I’ve read a lot of posts recently where people are looking for advice on how to prepare their van for winter camping. There are many opinions, but to me it’s a matter of keeping the cold out and the warm in.
This (believe it or not) is a contentious topic…. But if you keep the cold out, it’s got to be a bonus? How you do it is up to you though. However, We will cover how we did it and you can copy it or not, but for me there are a couple of rules:
1. Moisture is bad….
Whenever you breath, sweat or cook with gas, you generate moisture. This moisture is in the form of steam or vapour and if it comes into contact with anything cold it condenses. This condensation then gets into the places you can’t see and eats your van…. So, you need to put a stop to this.
2. Heat is good!
You need a source of heat and you need to keep it inside the van. We like heat, unless its fire… usually fire inside the van is bad….
So how do we obey the rules?
To me, insulation is key. Look at the roof tops on a frosty morning and it’s easy to see who has insulation in their attic. The same goes for your van. You need to insulate your roof, your walls and not forgetting your windows and floor. Insulation will keep the warmth in in winter and heat out in summer. But what insulation should you use? Firstly you must ensure the insulation doesn’t trap moisture. Avoid using Rockwool loft insulation: it acts like a sponge. I know some people have a different experience with this, but having held water filled rockwool I will never use it. A flow of air helps.
In the walls and doors we went for:
1. Dynax spray wax along all the inner panel seams and welds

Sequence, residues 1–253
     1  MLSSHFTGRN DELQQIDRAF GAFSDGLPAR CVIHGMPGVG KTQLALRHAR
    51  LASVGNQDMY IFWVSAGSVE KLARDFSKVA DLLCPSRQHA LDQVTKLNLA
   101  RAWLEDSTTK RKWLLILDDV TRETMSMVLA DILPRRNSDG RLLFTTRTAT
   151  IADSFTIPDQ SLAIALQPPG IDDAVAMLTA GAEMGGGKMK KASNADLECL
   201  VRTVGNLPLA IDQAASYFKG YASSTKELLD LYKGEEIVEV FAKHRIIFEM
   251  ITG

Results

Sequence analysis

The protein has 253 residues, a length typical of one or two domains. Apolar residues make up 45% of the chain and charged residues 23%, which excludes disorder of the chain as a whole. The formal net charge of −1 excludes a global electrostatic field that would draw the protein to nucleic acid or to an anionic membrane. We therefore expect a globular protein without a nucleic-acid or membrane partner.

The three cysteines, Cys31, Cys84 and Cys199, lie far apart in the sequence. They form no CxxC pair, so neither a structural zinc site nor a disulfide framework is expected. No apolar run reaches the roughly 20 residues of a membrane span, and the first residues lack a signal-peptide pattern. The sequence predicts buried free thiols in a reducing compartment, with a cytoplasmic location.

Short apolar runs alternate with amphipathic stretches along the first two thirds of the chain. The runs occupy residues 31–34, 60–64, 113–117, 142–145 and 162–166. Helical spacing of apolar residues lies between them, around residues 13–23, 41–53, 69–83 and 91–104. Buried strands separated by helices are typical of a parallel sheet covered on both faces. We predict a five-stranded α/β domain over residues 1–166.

2. Self adhesive high density foam with a foil backing stuck directly to the metal panels. This helps deaden road noise and stops the moist air contacting the metal.
3. Foam pipe insulation filling the voids. It allows air to move but maintains an air gap which is very insulating. For spaces where we couldn’t get the pipe insulation in, we used foil backed foam sheets, often sold as cheap gym mats.
4. Then a plastic vapour barrier (thick polythene sheet) to keep moisture away from all the cavities.
5. All holes in the structure were covered with aluminium foil. Then we carpeted them using stretch carpet and high temperature aerosol contact adhesive. High temp adhesive is necessary, especially for the ceiling or it will come down after a few days in the sun.
6. The trim panels were then carpeted as well to further insulate as well as making it look nice. The idea is to cover up all bare metal.
Insulating floors is very important. Some people put down wooden battens either screwed or glued to the floor and filling the space between with foam, foil bubble wrap or even Kingspan insulation block. They then lay down ply or laminate as the main floor. It’s up to you what you do. If you have a VW T2/3 and your bed is over the engine, don’t forget to insulate here too.
We use the cheap high density foam sheets used for play mats or workshop floor mats. It’s strong, easy to clean and if damaged cheap to replace.
We have close fitting stretchy curtains, originally design for a VW T4, but they are perfect for our van with a little work. The curtains are double thickness, but still pretty thin. So to supplement them, we use a home made insulating panel on each. You can buy ready made thermal mats, but we found them to be rubbish, usually falling off or losing the sucker pads. Ours are simply two layers of foil bubble wrap, cut to size and edges taped up with Duck Tape. Cheap and works a treat when put against the glass and held by the curtains.